July 17, 2017

Brand Preference Vs Brand Love

Today's post first appeared in my newsletter this week.

There is only one essential job for marketing - to acquire customers.
Everything else marketing does is a footnote. This is why the current obsession with social media is largely misguided.
People are far more likely to use social media to follow a brand they currently use than a brand they don't. It is very reasonable to assume that the vast majority of people following your brand on social media are already customers. And usually they are a tiny component of your user base - well under 1/10 of one percent.
Consequently, most of the money you spend on social media is spent talking to a tiny group of people who are probably already using your brand.
Every hour and dollar spent talking to these people is a dollar and hour not spent on acquiring new customers.
The justification for this is usually some fuzzy nonsense about "brand love." It comes from that infantile school of marketing that believes if you shower people with social media or "content" - whatever the hell that means -- they will fall in love with your brand.
Here is a recent chart from McKinsey. Frankly, I can't vouch for the methodology or the conclusions, but even if it's only half-true it demonstrates pretty convincingly the daunting limitations of "brand love."
 There is obviously nothing wrong with trying to communicate with some of your customers through social media and trying to build a nice relationship. It's a matter of perspective. It is reasonable to devote a small component of a marketing budget toward that. If you do it well, your objective should be modest -- to maintain or motivate brand preference.
However, spending a lot to chase the chimera of brand love is usually a wasteful and largely empty exercise. The idea that social media creates brand love is a fantasy. A recent article published in the Harvard Business Review reported that...
“Across 16 studies, we found no evidence that following a brand on social media changes people’s purchasing behavior."
I'm sorry to tell you this, but most people just don't care that much about your paper towels. And if some do, and they follow you on social media, it's not likely to change their buying habits.
Unfortunately, we have been lead to accept a very seductive philosophy based on the fantasy of brand love. It is founded on the expensive, wasteful delusion that people want to have "conversations" with brands, read and share "content" about brands, co-create with brands, and several other flavors of childish nonsense (for a great read on this subject, particularly for creatives, I suggest "Nobody Wants To Read Your Sh*t" by Steven Pressfield.)
Our brands are critically important to us marketers but in the vast majority of cases not very important at all to most consumers.
Instead of spending a lot of money trying to convince a small number of people to love your brand, your money would be much more wisely spent trying to convince a lot of people to like it.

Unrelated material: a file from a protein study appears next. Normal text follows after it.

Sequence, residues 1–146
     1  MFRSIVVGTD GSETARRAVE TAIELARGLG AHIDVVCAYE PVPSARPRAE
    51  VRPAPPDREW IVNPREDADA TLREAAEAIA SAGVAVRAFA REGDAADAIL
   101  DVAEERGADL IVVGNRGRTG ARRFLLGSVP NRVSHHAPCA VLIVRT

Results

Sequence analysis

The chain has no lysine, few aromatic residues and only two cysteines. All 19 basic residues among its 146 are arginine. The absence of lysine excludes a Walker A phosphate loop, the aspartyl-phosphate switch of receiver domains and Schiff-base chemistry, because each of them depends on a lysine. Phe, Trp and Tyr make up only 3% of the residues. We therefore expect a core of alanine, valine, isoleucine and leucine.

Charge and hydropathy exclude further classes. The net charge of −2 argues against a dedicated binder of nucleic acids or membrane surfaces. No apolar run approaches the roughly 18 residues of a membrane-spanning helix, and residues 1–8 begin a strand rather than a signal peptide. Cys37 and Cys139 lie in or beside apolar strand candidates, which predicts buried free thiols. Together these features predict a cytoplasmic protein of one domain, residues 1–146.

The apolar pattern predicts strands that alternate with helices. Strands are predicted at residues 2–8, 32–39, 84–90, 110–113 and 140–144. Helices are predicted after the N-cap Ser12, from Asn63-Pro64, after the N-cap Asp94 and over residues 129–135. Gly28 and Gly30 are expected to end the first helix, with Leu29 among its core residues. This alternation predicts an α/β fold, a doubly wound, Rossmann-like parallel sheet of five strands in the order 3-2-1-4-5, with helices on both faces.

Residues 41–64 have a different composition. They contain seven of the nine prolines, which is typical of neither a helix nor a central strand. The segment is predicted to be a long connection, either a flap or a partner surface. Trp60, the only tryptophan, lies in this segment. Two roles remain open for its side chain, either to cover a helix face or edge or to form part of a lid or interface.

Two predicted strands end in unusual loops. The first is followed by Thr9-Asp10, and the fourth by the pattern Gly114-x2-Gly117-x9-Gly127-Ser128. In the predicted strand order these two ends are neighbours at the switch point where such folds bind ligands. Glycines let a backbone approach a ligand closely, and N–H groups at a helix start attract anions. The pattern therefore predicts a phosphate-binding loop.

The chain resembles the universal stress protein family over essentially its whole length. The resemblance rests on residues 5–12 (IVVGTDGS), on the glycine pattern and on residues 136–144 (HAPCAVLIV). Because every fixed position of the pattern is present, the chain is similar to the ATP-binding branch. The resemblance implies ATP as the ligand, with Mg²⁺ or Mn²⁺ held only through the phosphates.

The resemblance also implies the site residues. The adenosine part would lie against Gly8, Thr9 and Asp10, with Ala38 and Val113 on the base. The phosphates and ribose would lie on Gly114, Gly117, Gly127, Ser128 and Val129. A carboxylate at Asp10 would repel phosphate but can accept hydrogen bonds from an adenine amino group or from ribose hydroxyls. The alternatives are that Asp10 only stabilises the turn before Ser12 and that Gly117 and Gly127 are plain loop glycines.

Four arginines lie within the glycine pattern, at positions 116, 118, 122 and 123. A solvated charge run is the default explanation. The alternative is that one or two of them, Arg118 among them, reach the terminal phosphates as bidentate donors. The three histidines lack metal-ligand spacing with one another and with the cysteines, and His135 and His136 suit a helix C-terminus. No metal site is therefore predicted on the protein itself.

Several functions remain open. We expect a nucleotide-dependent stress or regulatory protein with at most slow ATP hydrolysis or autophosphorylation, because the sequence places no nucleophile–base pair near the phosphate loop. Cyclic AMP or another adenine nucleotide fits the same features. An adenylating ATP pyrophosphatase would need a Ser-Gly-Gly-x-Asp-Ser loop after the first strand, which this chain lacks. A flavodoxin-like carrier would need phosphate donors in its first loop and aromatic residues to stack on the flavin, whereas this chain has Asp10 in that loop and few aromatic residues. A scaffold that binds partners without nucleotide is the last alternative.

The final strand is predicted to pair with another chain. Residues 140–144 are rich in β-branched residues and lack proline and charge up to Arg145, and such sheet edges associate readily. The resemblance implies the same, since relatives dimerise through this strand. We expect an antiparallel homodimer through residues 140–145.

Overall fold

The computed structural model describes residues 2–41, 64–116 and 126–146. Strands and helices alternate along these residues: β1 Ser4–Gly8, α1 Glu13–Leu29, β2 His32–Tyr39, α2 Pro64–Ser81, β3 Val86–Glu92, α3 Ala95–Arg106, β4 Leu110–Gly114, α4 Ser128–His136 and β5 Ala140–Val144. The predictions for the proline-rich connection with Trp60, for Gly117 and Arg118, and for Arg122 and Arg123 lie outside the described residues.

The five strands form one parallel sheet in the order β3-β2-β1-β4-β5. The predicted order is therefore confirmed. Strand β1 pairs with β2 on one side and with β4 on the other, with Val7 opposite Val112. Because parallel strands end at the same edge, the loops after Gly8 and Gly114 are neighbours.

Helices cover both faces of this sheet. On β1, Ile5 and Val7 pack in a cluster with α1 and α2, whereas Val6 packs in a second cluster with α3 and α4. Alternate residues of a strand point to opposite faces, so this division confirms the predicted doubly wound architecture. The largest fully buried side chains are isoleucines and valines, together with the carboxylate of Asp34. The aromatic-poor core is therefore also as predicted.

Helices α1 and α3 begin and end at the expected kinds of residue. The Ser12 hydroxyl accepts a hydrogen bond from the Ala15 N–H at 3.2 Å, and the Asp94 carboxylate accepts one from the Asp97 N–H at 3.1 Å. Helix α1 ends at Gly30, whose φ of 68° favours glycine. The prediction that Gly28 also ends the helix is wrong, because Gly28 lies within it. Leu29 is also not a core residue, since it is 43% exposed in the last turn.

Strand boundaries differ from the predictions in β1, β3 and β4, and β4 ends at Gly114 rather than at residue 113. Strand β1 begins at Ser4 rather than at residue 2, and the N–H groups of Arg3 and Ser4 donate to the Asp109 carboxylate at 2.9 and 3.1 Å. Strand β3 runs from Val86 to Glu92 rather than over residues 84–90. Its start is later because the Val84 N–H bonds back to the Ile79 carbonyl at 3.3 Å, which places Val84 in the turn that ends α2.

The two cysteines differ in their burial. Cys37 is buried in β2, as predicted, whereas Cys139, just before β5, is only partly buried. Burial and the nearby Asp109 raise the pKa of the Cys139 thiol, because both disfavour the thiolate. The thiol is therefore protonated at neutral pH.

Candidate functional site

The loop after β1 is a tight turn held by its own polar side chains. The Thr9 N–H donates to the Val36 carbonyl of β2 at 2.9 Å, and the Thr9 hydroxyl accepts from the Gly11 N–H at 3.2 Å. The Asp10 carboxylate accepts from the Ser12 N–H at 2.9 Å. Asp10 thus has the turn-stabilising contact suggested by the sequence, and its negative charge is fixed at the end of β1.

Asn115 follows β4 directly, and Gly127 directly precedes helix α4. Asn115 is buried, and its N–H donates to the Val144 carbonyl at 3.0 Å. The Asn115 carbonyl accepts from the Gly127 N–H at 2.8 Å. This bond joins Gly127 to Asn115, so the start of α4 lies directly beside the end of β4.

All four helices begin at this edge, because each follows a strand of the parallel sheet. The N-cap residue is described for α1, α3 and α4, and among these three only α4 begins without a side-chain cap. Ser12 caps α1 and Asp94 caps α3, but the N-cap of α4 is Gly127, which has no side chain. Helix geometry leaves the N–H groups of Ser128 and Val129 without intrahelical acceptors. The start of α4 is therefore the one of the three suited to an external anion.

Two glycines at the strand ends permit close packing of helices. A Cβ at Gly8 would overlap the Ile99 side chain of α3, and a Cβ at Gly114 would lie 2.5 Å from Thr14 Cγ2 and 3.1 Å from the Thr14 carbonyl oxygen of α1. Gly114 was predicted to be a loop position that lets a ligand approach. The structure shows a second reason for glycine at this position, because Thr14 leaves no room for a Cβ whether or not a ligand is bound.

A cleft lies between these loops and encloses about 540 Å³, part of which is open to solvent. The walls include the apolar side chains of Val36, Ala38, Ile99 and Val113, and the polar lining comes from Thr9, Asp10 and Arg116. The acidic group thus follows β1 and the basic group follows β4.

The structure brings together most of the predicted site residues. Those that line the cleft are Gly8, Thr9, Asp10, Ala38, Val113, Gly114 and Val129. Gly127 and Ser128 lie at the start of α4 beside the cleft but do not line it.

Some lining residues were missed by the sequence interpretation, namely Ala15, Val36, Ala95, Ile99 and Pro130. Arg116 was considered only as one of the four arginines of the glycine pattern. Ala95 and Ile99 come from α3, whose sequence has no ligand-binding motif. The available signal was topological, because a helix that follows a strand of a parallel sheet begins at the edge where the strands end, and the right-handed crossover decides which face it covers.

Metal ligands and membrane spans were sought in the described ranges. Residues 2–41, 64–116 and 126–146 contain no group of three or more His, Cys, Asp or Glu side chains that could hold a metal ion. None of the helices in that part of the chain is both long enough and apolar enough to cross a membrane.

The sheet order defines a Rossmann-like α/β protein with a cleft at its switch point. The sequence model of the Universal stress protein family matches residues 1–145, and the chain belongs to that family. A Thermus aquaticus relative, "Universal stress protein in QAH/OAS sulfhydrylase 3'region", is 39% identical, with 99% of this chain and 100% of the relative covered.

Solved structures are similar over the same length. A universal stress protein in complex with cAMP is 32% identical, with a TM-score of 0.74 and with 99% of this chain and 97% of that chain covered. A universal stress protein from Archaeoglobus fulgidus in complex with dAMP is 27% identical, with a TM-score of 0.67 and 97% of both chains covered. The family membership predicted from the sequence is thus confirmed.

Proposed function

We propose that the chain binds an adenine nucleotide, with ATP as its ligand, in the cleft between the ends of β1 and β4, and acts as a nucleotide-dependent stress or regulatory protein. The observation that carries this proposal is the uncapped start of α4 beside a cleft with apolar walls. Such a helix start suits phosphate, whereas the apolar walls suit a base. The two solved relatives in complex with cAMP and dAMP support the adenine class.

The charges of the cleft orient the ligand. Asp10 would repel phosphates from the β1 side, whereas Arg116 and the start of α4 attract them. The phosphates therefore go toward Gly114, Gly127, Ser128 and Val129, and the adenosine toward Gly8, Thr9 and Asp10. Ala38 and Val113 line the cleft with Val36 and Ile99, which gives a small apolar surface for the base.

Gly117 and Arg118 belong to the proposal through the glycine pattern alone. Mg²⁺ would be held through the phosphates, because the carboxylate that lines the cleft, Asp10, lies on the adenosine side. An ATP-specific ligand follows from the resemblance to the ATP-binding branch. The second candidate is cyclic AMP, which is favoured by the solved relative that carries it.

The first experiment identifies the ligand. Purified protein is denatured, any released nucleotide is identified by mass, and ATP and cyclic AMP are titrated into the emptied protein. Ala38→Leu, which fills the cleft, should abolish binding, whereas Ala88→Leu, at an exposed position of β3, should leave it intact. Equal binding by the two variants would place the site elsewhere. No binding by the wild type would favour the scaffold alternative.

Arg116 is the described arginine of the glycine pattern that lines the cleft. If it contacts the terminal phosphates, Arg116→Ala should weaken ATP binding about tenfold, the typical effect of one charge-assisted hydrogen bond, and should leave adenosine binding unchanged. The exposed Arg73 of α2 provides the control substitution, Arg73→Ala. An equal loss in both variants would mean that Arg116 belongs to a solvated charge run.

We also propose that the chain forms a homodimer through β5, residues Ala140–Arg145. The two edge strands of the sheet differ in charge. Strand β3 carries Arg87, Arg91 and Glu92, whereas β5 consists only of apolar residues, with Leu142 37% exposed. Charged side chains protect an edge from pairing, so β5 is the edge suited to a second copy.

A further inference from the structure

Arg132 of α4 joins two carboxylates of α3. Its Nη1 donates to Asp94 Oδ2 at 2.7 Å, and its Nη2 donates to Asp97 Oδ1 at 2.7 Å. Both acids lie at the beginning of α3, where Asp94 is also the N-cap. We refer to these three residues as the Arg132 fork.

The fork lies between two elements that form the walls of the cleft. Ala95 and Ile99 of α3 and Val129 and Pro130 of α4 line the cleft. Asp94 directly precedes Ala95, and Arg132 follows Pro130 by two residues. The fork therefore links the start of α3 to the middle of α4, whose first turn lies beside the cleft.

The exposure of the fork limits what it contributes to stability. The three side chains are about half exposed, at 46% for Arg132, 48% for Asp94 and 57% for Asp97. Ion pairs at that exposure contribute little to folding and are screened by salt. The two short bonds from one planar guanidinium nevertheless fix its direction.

I'll be taking some time off from the blog for vacation and to finish up my new book. See you in a few weeks.

July 12, 2017

Why All Advertising Philosophies Are Wrong

As a former ceo of a few ad agencies I think I know something about how agencies work.

One of the core principles of the agency business is to develop a philosophy about the advertising process that differentiates you from your competitors. Then you give it a name -- you "brand" it -- and you speak to your clients and prospects in the language of this brand credo.

There's nothing evil about this. I did it when I ran an agency, and almost every agency does it.

The only problem is that it is inevitably wrong. The reason it is wrong is that advertising success is about likelihoods and probabilities, not certainties. But there is no agency in the world that is brave enough to say out loud that their philosophy is contingent and uncertain.

For brand marketers, there are no straight lines in advertising. You cannot assume that if you do this, that will happen. The best you can do is infer likelihoods.

I believe in the power of probability (by the way, I wrote a curious and highly unpopular little pamphlet about this called Quantum Advertising.)

I am often asked to speak at conferences and I sit there and listen to speakers talk with great certainty about how whatever it is they happen to be selling is the root of great brand success. I don't buy it.

If you tell me that advertising success is all about emotion, I'll show you a hundred campaigns that were successful with no emotional factors. If you tell me that advertising success is all about logic, I'll show you a hundred successful campaigns that were completely logic-free.

You want to claim that all advertising success is based on strategy? I'll show you a hundred successes with no discernible strategy. You want to claim it's always about creativity? I'll show you a hundred successes my dog could have written.

What does skepticism about fixed advertising philosophies - and belief in the power of probability - mean in the real world? It means...
  • The more people who see your advertising the more successful it is likely to be
  • The more people who remember your advertising the more successful it is likely to be
  • The more people who like your advertising the more successful it is likely to be
  • The more people who have an emotional reaction to your advertising the more successful it is likely to be
  • The more people who agree with the logic of your advertising the more successful it is likely to be
These may seem like platitudes, but it is remarkable how many marketers waste money creating messages that are directed only at their fans, are immediately forgettable, are crass and unlikable, are emotion-free, and cliché-ridden.

Does this mean that advertising that is pervasive, memorable, likable, emotional and/or logical is guaranteed to be successful? No. It just means it's more likely to be successful. And that's all you get in advertising.